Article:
Food Security and Local Food Production
Agriculture has been practiced in the Yukon since the Klondike Gold Rush. Since that time many Yukoners have continued to grow at least some of their own food in addition to harvesting food from the wild. In the past couple of decades there has been an increase in the amount of arable land being put into agricultural production to provide fresh produce, root vegetables, and white and red meat to Yukon consumers.
A large percentage of the food Yukoners eat is still imported. However, an increasing portion is being produced on Yukon farms. Some of the larger operations are providing consistently high quality Yukon-grown food to the market through Yukon grocery stores. “Farm gate” sales are increasing. Smaller operators and hobby farmers now have the option, in Whitehorse, of selling their surplus production through Farmer Robert’s, a recently opened outlet.
The Yukon Government is in the process of finalizing a “Local Food Strategy” focused on “Encouraging the Production and Consumption of Yukon-Grown Food 2015 – 2020.” The draft strategy engagement document suggests “Providing fresh, healthy, affordable and local food for all Yukoners is integral to maintaining healthy communities and individuals. Establishing a strong local food supply and distribution chain is an effective way to increase the availability of local foods and involve Yukon people in growing and marketing Yukon-grown food and products.”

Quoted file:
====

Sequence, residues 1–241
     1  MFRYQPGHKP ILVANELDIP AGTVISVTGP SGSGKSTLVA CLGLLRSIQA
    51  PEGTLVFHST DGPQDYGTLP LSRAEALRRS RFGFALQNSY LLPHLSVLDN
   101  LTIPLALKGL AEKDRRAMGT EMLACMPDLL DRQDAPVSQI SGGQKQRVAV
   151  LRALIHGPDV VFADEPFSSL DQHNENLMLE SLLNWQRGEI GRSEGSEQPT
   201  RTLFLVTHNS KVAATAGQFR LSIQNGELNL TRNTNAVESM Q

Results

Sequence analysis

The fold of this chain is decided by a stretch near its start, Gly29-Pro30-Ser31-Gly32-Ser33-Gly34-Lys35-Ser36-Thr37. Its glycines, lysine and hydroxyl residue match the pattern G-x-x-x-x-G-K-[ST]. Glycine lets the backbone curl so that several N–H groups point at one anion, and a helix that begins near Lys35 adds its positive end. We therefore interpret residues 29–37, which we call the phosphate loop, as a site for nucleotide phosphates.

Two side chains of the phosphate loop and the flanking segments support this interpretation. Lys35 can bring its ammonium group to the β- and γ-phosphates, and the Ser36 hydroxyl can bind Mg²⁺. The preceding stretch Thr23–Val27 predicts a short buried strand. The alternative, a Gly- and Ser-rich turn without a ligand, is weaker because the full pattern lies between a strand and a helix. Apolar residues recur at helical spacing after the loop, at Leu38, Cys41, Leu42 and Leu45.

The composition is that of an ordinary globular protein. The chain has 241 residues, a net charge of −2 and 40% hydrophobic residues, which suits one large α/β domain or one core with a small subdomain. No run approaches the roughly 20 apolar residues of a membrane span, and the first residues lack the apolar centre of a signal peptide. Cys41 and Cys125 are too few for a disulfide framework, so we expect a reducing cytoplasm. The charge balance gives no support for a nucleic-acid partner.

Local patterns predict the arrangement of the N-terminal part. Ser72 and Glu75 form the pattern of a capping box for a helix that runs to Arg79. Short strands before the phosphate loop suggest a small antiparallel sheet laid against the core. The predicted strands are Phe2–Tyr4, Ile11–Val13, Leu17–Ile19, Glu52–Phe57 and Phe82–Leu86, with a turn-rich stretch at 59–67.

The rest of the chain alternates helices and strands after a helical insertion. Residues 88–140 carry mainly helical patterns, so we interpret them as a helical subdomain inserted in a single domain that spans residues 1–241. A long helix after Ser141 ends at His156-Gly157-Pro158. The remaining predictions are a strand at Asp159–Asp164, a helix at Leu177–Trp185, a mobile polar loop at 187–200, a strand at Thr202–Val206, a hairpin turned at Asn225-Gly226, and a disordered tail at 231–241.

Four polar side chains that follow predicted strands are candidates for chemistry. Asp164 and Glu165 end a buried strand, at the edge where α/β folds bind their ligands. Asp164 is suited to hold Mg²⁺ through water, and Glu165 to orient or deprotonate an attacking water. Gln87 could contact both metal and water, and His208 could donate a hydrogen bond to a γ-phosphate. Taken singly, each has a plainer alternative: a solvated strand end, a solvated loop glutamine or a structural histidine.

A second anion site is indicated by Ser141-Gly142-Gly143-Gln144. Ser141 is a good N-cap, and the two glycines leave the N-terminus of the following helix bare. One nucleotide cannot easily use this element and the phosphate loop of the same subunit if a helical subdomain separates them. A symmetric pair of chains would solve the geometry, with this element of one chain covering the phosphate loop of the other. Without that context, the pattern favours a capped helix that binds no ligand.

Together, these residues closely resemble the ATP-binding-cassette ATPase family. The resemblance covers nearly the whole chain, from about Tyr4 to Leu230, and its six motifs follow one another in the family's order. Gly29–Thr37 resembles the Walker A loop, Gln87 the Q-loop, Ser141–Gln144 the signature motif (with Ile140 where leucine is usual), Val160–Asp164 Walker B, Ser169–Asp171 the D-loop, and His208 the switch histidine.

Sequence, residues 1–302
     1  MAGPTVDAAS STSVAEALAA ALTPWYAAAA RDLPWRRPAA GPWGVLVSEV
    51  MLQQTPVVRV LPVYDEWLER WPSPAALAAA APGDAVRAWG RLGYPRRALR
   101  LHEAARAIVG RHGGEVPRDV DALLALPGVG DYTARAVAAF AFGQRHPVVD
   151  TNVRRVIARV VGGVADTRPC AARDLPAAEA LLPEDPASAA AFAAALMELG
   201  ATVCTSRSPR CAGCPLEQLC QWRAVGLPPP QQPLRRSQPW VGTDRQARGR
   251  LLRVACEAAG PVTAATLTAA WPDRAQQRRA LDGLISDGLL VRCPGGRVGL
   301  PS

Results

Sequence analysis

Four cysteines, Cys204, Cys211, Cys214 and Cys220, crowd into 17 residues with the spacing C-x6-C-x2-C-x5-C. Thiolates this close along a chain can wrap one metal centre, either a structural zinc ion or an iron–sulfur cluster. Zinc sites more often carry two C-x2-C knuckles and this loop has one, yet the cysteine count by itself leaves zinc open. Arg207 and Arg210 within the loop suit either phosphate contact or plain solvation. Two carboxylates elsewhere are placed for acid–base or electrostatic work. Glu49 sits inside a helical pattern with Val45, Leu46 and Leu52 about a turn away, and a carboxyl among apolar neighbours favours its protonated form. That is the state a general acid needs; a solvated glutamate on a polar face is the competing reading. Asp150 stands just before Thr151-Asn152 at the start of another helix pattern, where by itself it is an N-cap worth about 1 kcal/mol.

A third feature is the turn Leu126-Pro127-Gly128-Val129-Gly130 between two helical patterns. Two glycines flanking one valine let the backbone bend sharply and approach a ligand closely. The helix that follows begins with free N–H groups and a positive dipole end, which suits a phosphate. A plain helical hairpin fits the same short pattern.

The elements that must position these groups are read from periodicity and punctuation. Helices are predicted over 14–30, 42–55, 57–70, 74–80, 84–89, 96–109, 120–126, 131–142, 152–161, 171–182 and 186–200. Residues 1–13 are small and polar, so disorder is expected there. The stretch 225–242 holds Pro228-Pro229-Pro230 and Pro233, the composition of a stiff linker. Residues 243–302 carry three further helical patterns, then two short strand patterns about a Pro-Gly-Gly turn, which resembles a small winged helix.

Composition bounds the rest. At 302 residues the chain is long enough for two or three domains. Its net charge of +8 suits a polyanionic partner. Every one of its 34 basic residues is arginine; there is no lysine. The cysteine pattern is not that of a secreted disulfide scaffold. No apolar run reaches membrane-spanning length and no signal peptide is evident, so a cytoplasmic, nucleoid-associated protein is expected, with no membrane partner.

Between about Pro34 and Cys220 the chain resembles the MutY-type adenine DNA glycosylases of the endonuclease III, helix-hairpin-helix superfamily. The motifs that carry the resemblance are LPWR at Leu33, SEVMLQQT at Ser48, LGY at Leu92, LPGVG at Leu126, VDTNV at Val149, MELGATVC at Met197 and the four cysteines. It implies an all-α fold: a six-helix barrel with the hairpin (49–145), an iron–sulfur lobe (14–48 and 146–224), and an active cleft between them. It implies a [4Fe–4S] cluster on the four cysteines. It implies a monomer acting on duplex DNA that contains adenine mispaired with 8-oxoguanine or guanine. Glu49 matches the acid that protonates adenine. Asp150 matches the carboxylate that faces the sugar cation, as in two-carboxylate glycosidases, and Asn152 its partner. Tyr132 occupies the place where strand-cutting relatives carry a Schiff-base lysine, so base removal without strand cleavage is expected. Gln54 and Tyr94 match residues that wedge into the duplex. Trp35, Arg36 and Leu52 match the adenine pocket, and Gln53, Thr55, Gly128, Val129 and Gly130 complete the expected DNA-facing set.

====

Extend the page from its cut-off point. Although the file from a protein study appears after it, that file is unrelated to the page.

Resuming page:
This presentation will address the value and importance of increasing local food production through relatively small agricultural operations.
- Collaborative Forest Resources Management Planning with First Nations and Yukon Government. The unique planning context provided through First Nations Final Agreements and Yukon’s Forest Resources Act.
- Urban Wellness within a Cultural Context
- Developing map- and web-based products to support sustainable land-use in large dynamic systems
- Coordinating Plans and Policies: The challenges and strategies
- The Role of Indigenous Youth in Planning and Governance
- William Klassen